25% drop in second hand car prices possible

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What you say may well be true for those who buy new large petrol engined cars, especially if they load them with extras. But if you take the cheaper models in the A, B, C and E class ranges they do not end up being sold at 30% of the new price when 3 years old. Most sensibly sized diesel models achieve a residual of about 50% of the new list price.
Well all I can say is I've just bought a 4 year old turbo diesel for 17% of its original cost.

and the costs incurred in years 3 to 6, plus the heavy cost of a full extended warranty, the comparison between old and new is not so clear cut. Yes seven more years life left in a 3 year old, and more, but read the threads on some of the hefty bills some owners have had to meet on older cars, to see that none of these decisions are completely clearcut.

I fail to understand this. I've never had a new car and I've never had the need for any extended warranty, nor have I ever had any substantial repair costs for any vehicle during my ownership. Do the research, purchase wisely and you shouldn't hit any problems like this. Up until recently my combined household vehicle age was 80 years old and all are so reliable that we don't even bother with any recovery service membership.

Its the new cars that are unreliable, older ones have had the service recalls and had the problems ironed out during the ownership period of the people willing to pay top dollar to beta test for the manufacturers.

All too many people are hoodwinked into buying new, and then duped into paying premium money for main dealer servicing which nowadays is little more than oil and filter changes in order to maintain some warranty that often isn't worth the paper it was written on.

Long may people continue to give away their three year old cars for chump change. :bannana:
 
Well all I can say is I've just bought a 4 year old turbo diesel for 17% of its original cost.

.....

I fail to understand this. I've never had a new car and I've never had the need for any extended warranty, nor have I ever had any substantial repair costs for any vehicle during my ownership. Do the research, purchase wisely and you shouldn't hit any problems like this. Up until recently my combined household vehicle age was 80 years old and all are so reliable that we don't even bother with any recovery service membership.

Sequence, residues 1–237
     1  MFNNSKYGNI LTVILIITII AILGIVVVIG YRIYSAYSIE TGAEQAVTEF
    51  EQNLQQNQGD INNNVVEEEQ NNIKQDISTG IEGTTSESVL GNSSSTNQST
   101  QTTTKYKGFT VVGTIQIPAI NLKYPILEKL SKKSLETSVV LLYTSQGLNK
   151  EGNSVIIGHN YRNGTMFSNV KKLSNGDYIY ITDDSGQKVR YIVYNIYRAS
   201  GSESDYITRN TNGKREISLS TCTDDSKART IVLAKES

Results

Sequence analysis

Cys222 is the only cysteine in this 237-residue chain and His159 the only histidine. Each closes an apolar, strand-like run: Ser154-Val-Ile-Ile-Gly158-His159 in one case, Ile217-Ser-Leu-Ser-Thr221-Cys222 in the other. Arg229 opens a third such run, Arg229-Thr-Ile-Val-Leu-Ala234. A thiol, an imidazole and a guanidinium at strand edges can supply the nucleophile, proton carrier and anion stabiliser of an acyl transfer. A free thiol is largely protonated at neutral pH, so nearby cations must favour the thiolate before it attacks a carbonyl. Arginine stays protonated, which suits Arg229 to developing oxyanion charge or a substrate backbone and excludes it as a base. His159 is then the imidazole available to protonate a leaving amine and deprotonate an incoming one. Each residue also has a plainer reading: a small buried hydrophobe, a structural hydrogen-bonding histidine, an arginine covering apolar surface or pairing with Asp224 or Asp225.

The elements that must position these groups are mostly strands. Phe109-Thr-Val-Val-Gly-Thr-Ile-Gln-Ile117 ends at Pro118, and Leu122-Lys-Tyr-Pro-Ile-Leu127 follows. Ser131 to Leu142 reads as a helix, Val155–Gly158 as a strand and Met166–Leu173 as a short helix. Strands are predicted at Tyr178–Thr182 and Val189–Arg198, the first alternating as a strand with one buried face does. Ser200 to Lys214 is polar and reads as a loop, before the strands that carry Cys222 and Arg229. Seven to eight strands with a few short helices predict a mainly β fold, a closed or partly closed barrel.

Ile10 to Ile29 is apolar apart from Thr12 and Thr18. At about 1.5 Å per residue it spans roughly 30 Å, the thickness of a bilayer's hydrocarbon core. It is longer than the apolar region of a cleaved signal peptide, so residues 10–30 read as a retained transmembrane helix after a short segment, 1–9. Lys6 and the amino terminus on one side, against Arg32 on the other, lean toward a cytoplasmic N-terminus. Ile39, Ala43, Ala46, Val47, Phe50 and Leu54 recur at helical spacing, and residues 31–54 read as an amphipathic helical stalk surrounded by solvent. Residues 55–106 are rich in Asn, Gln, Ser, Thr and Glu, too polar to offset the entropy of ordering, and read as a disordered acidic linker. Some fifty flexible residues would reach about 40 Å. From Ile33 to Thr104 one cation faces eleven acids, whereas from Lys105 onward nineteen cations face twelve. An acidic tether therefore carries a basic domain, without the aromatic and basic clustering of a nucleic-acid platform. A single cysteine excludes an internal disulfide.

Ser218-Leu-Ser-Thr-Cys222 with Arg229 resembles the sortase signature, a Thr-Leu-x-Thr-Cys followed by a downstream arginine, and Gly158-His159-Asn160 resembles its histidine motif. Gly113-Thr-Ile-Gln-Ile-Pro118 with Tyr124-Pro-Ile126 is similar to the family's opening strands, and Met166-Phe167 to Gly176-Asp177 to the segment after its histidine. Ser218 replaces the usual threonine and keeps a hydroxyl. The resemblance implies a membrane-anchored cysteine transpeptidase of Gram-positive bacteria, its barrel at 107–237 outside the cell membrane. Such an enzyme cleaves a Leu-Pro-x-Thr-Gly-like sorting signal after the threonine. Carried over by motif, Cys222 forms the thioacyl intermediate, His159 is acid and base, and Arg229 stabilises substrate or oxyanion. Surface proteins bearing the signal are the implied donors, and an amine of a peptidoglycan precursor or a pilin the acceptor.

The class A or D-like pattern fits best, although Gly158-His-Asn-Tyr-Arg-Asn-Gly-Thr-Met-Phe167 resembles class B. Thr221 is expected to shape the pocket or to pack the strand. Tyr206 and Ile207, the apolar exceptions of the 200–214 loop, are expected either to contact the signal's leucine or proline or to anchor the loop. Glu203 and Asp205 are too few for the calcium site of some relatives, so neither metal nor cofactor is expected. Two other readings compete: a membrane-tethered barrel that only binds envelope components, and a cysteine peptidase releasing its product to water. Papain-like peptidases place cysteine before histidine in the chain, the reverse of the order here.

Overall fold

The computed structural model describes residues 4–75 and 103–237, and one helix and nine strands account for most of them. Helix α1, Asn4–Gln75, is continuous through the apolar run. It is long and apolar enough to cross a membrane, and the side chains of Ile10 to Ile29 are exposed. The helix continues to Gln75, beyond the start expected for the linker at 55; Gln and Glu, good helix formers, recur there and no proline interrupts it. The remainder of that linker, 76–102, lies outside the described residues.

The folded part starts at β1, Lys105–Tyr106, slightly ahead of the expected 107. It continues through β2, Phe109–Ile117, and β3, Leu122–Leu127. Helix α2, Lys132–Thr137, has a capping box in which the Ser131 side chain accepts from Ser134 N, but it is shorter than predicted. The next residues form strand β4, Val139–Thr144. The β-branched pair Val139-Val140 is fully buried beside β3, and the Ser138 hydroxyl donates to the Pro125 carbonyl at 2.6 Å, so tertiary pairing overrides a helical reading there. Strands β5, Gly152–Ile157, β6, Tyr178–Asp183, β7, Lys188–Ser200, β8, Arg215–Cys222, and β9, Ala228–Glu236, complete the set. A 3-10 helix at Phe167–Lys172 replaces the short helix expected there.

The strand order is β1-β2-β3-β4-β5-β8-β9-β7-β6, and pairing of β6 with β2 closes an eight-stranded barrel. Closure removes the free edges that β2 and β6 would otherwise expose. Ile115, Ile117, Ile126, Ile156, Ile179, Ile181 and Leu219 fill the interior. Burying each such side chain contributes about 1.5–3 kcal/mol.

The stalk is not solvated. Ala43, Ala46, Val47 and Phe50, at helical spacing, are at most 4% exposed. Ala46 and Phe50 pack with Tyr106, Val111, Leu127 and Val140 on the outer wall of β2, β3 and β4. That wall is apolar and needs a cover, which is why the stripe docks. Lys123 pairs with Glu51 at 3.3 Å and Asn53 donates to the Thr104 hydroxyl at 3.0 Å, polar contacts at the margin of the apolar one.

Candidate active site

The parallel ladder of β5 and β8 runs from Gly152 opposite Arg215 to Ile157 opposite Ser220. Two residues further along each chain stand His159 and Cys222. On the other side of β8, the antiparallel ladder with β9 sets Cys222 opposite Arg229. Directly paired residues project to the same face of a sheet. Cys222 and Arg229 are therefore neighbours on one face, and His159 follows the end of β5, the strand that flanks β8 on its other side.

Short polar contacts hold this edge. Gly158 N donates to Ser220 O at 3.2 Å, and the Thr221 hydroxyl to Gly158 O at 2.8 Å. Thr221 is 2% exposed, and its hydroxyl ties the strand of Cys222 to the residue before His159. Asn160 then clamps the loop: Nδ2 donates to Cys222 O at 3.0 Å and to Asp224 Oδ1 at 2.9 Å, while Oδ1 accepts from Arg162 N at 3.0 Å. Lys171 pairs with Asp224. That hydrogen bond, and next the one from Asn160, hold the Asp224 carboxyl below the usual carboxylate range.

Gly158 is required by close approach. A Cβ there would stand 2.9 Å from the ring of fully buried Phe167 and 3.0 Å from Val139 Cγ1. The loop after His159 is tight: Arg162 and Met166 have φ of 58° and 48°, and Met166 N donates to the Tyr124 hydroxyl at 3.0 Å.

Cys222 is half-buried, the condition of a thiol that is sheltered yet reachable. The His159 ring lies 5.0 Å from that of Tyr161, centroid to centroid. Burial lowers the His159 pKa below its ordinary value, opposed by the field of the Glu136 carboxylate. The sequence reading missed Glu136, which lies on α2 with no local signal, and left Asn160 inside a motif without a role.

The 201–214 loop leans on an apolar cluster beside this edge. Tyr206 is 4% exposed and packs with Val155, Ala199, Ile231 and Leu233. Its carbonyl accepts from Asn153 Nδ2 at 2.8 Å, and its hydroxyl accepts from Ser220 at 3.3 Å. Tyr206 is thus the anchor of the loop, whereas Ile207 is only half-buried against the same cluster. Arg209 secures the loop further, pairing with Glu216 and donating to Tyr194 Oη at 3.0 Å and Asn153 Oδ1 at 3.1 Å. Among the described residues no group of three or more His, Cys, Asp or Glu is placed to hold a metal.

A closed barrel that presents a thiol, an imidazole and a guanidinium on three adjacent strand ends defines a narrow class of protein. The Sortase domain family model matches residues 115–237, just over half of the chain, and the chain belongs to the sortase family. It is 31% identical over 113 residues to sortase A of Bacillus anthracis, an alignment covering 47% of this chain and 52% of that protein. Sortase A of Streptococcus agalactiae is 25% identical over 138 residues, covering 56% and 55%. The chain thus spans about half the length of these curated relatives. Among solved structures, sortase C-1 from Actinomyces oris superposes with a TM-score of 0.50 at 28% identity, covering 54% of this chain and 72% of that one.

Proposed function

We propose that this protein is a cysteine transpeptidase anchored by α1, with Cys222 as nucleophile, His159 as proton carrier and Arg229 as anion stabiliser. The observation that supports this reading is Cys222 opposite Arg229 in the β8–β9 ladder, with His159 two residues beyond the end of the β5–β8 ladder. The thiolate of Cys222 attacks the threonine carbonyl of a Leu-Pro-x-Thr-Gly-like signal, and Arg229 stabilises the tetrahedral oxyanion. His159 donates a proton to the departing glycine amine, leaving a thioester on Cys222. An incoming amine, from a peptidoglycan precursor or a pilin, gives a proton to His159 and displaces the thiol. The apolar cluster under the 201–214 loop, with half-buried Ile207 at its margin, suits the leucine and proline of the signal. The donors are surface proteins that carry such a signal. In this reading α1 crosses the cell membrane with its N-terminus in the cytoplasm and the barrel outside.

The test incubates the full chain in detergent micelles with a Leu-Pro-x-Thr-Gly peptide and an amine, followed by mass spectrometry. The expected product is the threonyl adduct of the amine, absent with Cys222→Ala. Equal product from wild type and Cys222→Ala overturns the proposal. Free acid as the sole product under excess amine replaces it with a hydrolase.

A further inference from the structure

I think that a perfectly valid scenario, and even if you did get hit with a big bill, then you can amortise it over all of the cars and all of the years you've owned them, which may or may not make you feel better.

However, and this is where online forums are dangerous, if you get a problem with a "modern" 6 or 7 year old car, then you could well be looking at an economic write off. Ford TDCi's seem to have problems after 3-4 years that are are unfixable.

Not very long ago I ran a company car for 3 years, and for the last 18mths it was in and out of the garage with engine related problems - it was soul destroying, and I wasn't even paying the bill! Some poor sod would have bought that car at 3 yrs and has probably committed suicide now!
 
Well all I can say is I've just bought a 4 year old turbo diesel for 17% of its original cost.

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Well I was referring to Mercs and I specifically quoted popular models of the A, B C and E class ranges where you would need to pay about 50% to buy a 3 year old one. Then the case for buying new is not as bad as many think.

You may have been lucky buying secondhand; many others have not.
 
You may have been lucky buying secondhand; many others have not.
Being able to spot a good car also helps.

Like Spike I'm in the never brough a new car, or extended warranty camp. Most of the cars I have owned I've owned for at least half their lifetime and (the second half;) ). Aside from wear and tear bills, in 25 years of being a 2 or 3 car family (ave mileage of about 30K), the only things we've had that could be classed as major repairs are; a head gasket on the wife's Astra (£330, including cambelt/water pump while they were at it) and a top end rebuild on an Astra (at 150K) for about £150 of parts (labour by yours truely). Oh and a condensor on the Merc a couple of weeks ago (but that was covered by the garage warranty).

Just done a quick sum and the total purchase price is about £30k - running two new cars for just three years could easily loose that in depreciation.
 
All too many people are hoodwinked into buying new, and then duped into paying premium money for main dealer servicing which nowadays is little more than oil and filter changes in order to maintain some warranty that often isn't worth the paper it was written on.